Open Access Highly Accessed Research article

Motifs, themes and thematic maps of an integrated Saccharomyces cerevisiae interaction network

Lan V Zhang1, Oliver D King1, Sharyl L Wong1, Debra S Goldberg1, Amy HY Tong2, Guillaume Lesage3, Brenda Andrews2, Howard Bussey3, Charles Boone2 and Frederick P Roth1*

Author affiliations

1 Department of Biological Chemistry and Molecular Pharmacology, Harvard Medical School, Boston, MA 02115 USA

2 Banting and Best Department of Medical Research and Department of Medical Genetics and Microbiology, University of Toronto, Toronto ON M5G 1L6, Canada

3 Department of Biology, McGill University, Montreal PQ H3A 1B1, Canada

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Citation and License

Journal of Biology 2005, 4:6  doi:10.1186/jbiol23

Published: 1 June 2005

Abstract

Background

Large-scale studies have revealed networks of various biological interaction types, such as protein-protein interaction, genetic interaction, transcriptional regulation, sequence homology, and expression correlation. Recurring patterns of interconnection, or 'network motifs', have revealed biological insights for networks containing either one or two types of interaction.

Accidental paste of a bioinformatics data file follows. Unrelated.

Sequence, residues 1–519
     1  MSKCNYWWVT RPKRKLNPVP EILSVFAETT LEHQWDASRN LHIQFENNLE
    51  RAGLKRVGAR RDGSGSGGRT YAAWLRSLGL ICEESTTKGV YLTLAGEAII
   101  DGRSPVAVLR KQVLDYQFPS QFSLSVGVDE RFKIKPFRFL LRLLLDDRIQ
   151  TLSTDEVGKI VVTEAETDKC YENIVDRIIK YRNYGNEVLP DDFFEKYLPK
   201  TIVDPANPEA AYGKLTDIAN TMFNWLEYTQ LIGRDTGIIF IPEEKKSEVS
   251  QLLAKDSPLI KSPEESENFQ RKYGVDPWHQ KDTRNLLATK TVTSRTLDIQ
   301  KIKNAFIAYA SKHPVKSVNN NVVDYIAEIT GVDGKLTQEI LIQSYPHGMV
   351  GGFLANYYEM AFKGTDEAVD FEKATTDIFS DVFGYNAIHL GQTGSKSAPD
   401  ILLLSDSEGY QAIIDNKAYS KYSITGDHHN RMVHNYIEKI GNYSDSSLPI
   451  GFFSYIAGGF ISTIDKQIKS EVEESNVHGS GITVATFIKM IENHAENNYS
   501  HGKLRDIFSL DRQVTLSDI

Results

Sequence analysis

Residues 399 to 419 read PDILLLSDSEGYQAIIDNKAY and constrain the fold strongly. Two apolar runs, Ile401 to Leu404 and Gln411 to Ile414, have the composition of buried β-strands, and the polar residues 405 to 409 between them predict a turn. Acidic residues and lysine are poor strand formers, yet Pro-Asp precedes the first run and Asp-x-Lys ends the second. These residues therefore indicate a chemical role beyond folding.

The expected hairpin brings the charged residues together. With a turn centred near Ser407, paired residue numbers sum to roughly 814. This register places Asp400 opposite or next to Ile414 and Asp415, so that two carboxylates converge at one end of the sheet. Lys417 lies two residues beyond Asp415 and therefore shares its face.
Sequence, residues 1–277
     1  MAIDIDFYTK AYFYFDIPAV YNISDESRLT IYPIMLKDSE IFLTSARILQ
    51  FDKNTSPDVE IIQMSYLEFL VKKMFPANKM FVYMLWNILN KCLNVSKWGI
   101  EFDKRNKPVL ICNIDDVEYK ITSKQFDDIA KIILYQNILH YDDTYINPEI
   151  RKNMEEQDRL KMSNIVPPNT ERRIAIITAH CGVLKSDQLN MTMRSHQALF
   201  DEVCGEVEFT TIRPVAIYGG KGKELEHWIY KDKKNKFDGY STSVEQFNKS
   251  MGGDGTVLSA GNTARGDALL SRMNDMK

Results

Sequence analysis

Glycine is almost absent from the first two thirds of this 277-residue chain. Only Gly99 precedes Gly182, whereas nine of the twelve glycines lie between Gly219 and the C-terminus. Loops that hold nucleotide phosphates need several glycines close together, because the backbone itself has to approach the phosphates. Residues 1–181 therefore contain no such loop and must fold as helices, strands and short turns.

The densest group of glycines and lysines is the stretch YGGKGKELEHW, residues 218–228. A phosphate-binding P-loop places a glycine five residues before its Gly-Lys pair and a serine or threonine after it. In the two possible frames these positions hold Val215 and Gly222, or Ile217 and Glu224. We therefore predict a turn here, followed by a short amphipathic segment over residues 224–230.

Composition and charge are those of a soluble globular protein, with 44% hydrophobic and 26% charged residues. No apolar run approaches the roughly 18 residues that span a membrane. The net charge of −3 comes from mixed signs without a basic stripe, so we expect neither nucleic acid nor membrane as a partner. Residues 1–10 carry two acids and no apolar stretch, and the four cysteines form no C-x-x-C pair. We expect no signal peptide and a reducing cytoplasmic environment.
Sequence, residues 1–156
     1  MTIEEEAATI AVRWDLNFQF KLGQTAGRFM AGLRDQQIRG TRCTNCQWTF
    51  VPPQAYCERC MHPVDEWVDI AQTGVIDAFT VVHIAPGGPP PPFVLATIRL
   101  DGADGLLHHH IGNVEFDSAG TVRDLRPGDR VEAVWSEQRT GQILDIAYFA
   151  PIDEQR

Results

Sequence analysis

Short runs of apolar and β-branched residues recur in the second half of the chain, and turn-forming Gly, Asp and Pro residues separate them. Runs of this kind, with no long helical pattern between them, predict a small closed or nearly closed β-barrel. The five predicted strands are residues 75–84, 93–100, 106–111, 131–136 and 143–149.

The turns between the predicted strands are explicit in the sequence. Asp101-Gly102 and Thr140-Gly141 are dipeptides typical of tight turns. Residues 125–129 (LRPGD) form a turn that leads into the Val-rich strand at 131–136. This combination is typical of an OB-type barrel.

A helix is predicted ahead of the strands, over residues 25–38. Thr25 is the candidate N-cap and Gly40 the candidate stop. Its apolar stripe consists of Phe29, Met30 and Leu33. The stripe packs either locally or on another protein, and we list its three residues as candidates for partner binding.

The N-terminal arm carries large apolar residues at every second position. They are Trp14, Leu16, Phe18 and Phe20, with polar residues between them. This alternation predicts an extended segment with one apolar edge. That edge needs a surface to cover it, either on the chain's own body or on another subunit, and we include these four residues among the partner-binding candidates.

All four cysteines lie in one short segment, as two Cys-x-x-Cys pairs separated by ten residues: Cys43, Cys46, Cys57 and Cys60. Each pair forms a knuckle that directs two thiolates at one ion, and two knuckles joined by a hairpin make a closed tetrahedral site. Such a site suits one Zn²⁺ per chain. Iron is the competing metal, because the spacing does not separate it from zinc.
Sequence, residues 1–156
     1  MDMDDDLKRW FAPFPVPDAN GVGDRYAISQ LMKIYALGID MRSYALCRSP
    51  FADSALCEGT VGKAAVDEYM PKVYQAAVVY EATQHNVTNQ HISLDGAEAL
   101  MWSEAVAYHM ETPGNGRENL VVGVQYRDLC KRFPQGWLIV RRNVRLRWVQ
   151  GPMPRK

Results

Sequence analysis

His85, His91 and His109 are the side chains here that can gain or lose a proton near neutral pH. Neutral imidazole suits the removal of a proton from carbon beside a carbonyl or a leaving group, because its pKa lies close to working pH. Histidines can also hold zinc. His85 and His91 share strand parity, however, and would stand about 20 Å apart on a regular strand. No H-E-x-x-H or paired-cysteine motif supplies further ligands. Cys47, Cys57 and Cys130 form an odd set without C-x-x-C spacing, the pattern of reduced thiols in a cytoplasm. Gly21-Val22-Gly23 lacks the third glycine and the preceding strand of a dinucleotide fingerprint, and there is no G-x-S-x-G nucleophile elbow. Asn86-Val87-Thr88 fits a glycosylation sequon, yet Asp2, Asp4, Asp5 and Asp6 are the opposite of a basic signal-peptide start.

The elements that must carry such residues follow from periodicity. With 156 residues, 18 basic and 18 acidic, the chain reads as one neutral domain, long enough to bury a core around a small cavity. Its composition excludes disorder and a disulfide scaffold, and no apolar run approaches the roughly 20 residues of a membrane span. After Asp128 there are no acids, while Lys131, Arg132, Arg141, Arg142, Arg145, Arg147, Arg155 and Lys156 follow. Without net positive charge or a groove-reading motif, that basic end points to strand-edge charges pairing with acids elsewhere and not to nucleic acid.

Results

To study more complex relationships involving multiple biological interaction types, we assembled an integrated Saccharomyces cerevisiae network in which nodes represent genes (or their protein products) and differently colored links represent the aforementioned five biological interaction types. We examined three- and four-node interconnection patterns containing multiple interaction types and found many enriched multi-color network motifs. Furthermore, we showed that most of the motifs form 'network themes' – classes of higher-order recurring interconnection patterns that encompass multiple occurrences of network motifs. Network themes can be tied to specific biological phenomena and may represent more fundamental network design principles. Examples of network themes include a pair of protein complexes with many inter-complex genetic interactions – the 'compensatory complexes' theme. Thematic maps – networks rendered in terms of such themes – can simplify an otherwise confusing tangle of biological relationships. We show this by mapping the S. cerevisiae network in terms of two specific network themes.

Conclusion

Significantly enriched motifs in an integrated S. cerevisiae interaction network are often signatures of network themes, higher-order network structures that correspond to biological phenomena. Representing networks in terms of network themes provides a useful simplification of complex biological relationships.